Economics at Fredonia
Fredonia’s Economics Department is ready to challenge you to learn the analytical and problem-solving skills you need that virtually all employers are looking for. Fredonia wants to help you shape policy in community work, financial institutions, and myriad other careers, by learning a way of thinking that enables you to approach many diverse problems and issues in a logical and orderly manner.
The Fredonia Difference
The Fredonia economics program is particularly strong in offering you a wide range of economic thinking. The economics program will help you develop the following set of career-long skills: awareness of conflicting interpretations, assessing different perspectives and ideas, developing interpersonal and communication skills, practicing the art of argument, and reaching a decision under conditions of uncertainty or conflict.
- Equity analyst
- Credit analyst
- Financial management
- Compensation/benefits manager
- Economic development
It's Different Here
Preparation for graduate school
Economics provides an excellent foundation for graduate study in such professional areas as law, industrial relations, business and public administration.
Beyond the numbers
Economics majors develop marketable skills such as logical reasoning, problem solving, and connections between concepts and applications.
Positive outlook for economics graduates. 6% projected job growth through 2026.
Why Economics at Fredonia?
$10,000 annual departmental scholarships
Economic majors receive additional assistance to keep college affordable.
Omicron Delta Epsilon (O.D.E.)
Local chapter of of International Honor Society of Economics, which is committed to helping Fredonia students meet the challenges of the working world and make the step from textbook to performance.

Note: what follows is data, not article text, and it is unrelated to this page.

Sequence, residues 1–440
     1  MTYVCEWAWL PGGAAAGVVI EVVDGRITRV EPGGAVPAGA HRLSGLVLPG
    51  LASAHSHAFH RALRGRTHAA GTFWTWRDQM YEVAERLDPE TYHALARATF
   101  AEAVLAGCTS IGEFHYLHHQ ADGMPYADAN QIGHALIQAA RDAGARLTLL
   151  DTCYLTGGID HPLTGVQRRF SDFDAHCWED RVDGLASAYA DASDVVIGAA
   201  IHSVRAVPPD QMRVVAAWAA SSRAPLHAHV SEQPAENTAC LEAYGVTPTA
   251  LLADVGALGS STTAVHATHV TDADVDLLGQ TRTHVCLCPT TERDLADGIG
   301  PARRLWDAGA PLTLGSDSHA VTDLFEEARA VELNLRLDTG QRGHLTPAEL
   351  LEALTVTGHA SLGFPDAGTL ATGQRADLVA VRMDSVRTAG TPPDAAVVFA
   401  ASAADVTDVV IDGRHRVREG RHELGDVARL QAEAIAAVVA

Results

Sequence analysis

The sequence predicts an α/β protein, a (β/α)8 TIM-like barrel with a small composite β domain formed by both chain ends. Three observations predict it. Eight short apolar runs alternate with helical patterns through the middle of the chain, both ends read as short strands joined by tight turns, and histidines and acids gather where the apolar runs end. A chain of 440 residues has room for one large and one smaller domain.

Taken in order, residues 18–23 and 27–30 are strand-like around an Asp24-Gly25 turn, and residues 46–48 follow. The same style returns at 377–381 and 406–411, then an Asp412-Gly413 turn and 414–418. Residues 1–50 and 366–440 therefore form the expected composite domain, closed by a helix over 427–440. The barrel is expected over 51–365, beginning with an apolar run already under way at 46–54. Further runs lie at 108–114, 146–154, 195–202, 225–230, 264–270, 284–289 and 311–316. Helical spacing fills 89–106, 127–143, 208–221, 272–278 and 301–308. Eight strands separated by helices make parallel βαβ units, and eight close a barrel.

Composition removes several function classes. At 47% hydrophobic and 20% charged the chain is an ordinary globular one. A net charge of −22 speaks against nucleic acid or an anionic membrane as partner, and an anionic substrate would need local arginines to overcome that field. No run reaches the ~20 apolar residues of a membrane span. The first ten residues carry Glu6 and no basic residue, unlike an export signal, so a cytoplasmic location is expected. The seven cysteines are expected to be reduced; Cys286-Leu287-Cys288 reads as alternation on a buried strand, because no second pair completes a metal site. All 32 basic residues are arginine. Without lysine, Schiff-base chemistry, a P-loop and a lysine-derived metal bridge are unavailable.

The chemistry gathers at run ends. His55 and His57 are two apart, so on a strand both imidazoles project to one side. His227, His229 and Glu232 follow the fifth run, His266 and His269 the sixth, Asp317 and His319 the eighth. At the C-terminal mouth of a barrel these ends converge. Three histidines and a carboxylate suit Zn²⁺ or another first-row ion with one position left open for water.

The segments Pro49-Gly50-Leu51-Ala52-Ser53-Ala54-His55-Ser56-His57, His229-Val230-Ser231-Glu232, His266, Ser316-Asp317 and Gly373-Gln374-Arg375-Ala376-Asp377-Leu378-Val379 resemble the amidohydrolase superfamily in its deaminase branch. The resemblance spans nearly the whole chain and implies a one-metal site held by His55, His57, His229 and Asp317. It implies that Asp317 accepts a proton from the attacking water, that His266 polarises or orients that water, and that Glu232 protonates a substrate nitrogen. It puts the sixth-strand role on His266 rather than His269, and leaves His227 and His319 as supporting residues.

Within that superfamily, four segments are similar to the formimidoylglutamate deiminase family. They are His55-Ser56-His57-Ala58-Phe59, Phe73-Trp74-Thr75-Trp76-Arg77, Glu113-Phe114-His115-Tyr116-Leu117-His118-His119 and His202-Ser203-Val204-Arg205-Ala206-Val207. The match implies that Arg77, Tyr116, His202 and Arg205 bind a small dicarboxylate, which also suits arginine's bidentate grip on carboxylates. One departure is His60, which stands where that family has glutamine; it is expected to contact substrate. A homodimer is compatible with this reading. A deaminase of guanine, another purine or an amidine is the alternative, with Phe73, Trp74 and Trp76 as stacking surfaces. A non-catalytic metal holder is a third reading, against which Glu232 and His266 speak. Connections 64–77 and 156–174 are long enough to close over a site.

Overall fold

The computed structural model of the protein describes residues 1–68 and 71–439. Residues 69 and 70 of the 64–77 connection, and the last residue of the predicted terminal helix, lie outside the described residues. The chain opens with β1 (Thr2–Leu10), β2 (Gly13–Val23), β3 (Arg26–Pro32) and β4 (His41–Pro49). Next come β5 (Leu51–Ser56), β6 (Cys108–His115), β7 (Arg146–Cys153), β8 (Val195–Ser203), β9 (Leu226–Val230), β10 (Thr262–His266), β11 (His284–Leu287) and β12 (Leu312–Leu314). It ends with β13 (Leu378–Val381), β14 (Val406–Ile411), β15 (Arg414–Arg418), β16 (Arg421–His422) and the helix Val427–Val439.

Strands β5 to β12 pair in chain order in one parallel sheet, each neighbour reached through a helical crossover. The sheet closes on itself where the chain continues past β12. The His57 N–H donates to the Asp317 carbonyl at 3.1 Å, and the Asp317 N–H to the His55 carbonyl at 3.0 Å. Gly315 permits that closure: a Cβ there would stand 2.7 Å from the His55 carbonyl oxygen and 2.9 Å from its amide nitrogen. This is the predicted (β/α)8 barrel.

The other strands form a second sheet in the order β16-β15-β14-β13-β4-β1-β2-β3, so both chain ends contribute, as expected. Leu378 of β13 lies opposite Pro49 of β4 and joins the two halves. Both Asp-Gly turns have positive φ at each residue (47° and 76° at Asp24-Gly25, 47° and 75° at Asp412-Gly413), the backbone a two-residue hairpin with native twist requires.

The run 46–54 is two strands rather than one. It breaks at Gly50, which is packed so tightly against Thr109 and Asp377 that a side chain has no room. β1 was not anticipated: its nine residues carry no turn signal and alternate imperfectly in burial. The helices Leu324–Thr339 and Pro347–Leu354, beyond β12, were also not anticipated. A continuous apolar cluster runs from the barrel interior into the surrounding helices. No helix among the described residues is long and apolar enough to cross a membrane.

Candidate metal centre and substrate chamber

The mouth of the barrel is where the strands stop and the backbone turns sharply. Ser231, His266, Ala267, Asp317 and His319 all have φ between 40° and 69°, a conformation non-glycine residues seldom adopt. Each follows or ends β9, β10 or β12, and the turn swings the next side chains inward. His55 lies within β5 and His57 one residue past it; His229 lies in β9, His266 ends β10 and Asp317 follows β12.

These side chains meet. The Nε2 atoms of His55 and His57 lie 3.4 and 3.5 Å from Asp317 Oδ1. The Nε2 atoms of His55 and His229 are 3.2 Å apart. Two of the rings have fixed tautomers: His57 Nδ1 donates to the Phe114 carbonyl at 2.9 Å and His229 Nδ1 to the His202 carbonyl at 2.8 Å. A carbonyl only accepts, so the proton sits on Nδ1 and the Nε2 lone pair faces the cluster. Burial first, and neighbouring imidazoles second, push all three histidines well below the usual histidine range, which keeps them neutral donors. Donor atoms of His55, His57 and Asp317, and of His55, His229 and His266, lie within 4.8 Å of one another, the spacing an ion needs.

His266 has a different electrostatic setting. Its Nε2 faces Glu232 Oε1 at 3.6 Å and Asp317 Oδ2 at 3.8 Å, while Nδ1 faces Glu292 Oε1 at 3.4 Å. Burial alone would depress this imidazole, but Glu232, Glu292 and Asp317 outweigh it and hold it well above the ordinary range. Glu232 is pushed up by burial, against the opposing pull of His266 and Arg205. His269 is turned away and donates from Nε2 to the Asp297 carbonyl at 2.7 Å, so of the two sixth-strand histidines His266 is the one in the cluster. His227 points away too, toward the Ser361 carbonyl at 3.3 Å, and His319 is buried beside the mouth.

Fredonia's School of Business is ranked among the top 5 % of business schools world-wide through our accreditation from AACSB.
ECON 315 Money/Banking/Monetary Economics
Study of money and the financial system. In particular, the operation, functions, structure and regulations of the banking system, and organization and functions of central banking. Special emphasis given to the study of monetary theories, monetary management, and the effectiveness of monetary policy.
ECON 321 Multinational Corporations
Economic analysis of the operations of multinational corporations and the implications of global production, resource allocation, and distribution of goods and services. Emphasis on capital and technology transfer, intercontinental flow of information, transaction costs, transfer pricing and tax policies.
ECON 335 Economic Development
Problems of economic growth and development of less developed countries with emphasis on economic and non-economic obstacles to growth and development, financing of development, strategy of development policy, development planning and project evaluation, industrial and agricultural development, and the role of international trade in growth and development.